Weekly Devotions for 2/20

Two people are better than one.
    They can help each other in everything they do.
Suppose either of them falls down.
    Then the one can help the other one up.
But suppose a person falls down and doesn’t have anyone to help them up.
    Then feel sorry for that person!
 Or suppose two people lie down together.
    Then they’ll keep warm.
    But how can one person keep warm alone?
 One person could be overpowered.
    But two people can stand up for themselves.
    And a rope made out of three cords isn’t easily broken. – Ecclesiastes 4:9-12 (NIRV)

The 2024 Topps baseball cards are out! They get released each year on the day pitchers and catchers report to spring training. This year that was Feb. 14. As I got home that day from Ash Wednesday services, a UPS box with my pre-ordered cards awaited me. It is an annual tradition for me to get the cards in February as they come out. These days, I get one box with about 25 packs of cards in it. That’s enough to last me most of the year. Maybe once a week I will open a pack, sort out the good cards from the common ones, and put the good cards in plastic. I have several 3-ring binders with pages that have 9 pockets for cards on them. The players are arranged alphabetically, so it can take some time – perhaps half and hour – to get all of the cards in place. It is a relaxing time to slow down and organize the cards for a little while. It is basically the same routine that I used when I was in middle school and at the peak of my collecting fervor. It is an enjoyable practice, but it is also a solitary one.

What is missing from this routine that I particularly associate with the February card release is the communal aspect. When I was first getting into card collecting, my father’s friend Gary was a serious collector and showed us how serious collectors operated at that time. We would order a case of 10,000 loose cards. Then my brother, my father, Gary, and I would take a full weekend organizing those cards into full 742-card sets. We took over the dining room table, making a pile for each of the 742 different cards in that year’s set. Once all the cards were in piles, we would take a card from each pile to put into a box to create a set. We ended up with dozens of sets at a fraction of the cost of buying a complete set. We could then keep a few for ourselves and Gary would sell the others to recover the cost of the cards.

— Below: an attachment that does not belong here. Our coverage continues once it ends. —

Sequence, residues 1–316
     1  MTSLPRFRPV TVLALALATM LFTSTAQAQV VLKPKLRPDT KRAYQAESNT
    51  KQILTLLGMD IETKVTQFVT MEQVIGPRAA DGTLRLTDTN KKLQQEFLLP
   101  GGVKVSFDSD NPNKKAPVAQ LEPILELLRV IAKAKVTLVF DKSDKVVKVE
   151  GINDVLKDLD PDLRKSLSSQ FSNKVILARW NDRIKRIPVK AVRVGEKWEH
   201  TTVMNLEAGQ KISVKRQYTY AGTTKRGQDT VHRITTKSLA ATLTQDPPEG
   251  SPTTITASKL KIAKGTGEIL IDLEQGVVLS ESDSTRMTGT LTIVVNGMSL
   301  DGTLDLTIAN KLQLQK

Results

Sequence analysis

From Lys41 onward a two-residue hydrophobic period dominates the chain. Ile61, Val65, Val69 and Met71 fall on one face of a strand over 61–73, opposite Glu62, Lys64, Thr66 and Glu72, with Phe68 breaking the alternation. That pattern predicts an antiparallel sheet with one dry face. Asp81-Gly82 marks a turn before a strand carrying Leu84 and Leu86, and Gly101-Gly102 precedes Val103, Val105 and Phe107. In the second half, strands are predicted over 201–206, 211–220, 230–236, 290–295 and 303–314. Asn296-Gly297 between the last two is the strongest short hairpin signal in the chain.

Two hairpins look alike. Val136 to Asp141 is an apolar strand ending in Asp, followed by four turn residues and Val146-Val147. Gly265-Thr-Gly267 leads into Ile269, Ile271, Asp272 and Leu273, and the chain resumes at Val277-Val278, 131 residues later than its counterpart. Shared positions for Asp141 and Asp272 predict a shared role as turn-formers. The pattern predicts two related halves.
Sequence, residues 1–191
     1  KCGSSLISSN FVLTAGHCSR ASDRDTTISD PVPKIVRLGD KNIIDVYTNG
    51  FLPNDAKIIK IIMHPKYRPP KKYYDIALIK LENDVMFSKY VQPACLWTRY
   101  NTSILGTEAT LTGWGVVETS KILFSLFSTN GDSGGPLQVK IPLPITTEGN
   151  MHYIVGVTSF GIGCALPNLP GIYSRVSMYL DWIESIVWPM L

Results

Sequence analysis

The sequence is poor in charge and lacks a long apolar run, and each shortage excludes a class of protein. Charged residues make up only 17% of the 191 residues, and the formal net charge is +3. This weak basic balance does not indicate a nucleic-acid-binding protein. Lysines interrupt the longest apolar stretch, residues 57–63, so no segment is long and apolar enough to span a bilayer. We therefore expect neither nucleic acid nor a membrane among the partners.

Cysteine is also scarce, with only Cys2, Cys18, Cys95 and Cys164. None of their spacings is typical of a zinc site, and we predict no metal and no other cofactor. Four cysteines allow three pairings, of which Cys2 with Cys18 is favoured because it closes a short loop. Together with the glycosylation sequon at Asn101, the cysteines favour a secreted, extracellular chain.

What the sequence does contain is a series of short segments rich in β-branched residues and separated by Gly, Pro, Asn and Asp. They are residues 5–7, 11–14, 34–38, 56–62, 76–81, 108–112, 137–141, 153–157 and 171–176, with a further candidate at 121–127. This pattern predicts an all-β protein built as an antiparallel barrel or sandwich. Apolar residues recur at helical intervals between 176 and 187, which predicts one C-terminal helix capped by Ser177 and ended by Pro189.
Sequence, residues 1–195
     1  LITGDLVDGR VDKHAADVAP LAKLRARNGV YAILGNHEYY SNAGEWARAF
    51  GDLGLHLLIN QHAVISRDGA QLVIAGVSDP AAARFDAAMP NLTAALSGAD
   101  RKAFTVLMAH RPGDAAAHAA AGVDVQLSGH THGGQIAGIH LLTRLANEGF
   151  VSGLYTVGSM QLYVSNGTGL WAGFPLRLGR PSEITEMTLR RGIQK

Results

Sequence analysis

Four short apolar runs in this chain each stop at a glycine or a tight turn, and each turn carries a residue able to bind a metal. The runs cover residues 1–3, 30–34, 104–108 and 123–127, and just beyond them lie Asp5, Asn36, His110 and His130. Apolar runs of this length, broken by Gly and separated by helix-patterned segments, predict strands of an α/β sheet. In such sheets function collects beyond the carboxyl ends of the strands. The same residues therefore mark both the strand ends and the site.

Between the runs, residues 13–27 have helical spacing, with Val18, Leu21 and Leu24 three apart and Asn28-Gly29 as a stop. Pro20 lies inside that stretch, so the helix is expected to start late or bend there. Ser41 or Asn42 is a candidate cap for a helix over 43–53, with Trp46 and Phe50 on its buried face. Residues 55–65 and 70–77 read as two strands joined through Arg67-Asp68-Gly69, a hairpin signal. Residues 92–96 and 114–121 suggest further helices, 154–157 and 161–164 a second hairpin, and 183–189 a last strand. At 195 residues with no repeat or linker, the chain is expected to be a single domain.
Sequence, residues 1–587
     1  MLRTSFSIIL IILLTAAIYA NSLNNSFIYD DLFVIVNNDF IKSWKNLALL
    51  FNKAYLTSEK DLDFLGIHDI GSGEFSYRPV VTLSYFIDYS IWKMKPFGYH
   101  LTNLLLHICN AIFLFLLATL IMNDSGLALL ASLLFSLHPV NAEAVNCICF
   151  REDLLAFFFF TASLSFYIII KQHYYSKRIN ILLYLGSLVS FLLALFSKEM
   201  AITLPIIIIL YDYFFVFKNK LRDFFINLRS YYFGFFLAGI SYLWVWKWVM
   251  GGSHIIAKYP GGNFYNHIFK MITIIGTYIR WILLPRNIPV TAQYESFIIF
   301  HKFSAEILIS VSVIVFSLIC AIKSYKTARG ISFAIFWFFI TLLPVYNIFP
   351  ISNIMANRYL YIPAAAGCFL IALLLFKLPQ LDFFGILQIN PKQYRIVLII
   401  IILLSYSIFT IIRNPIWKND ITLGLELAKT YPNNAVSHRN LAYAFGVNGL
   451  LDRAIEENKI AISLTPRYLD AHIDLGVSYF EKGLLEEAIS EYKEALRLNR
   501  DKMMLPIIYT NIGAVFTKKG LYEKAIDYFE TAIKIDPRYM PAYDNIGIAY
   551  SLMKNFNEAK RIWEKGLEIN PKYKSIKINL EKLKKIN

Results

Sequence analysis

That communal time would never work today. You can’t buy loose cards in that way, and you could never sell those sets. They have been touched by human hands and the oils from human skin can blemish the cards. Also, there is no way to prove that we didn’t make a mistake; it might not be a full set. Today’s collecting ethos requires sets to be factory-sealed in plastic to be considered legitimate. I understand, in the sense of wanting the cards to be perfect and knowing that some people would intentionally remove the best cards and sell the sets without them. We don’t have the networks of trust that was once possible in a small collecting community. But I also lament how much joy is lost in not having those communal times of an activity together that was done for the joy of it and not for larger purposes. 

I don’t think card collecting is unique in losing its communal aspects and becoming a solely solitary pursuit. (And it is not solely solitary for all people; at my local card shop last week I saw a father helping a 10-year-old son decide what brand to buy for his first box of packs – but it has become rare for the connection to extend beyond immediate family). There are so many parts of life that we now wrap completely in plastic and isolate it away from any chance of contamination from human contact. Yet how much do we lose in the joy of connecting, even if it is not always perfect. Religion is one of those things that has become overly solitary for many. One cannot be a Christian alone. We require one another. We need some form of connection – together in worship and in helping one another, but also in joy at being together.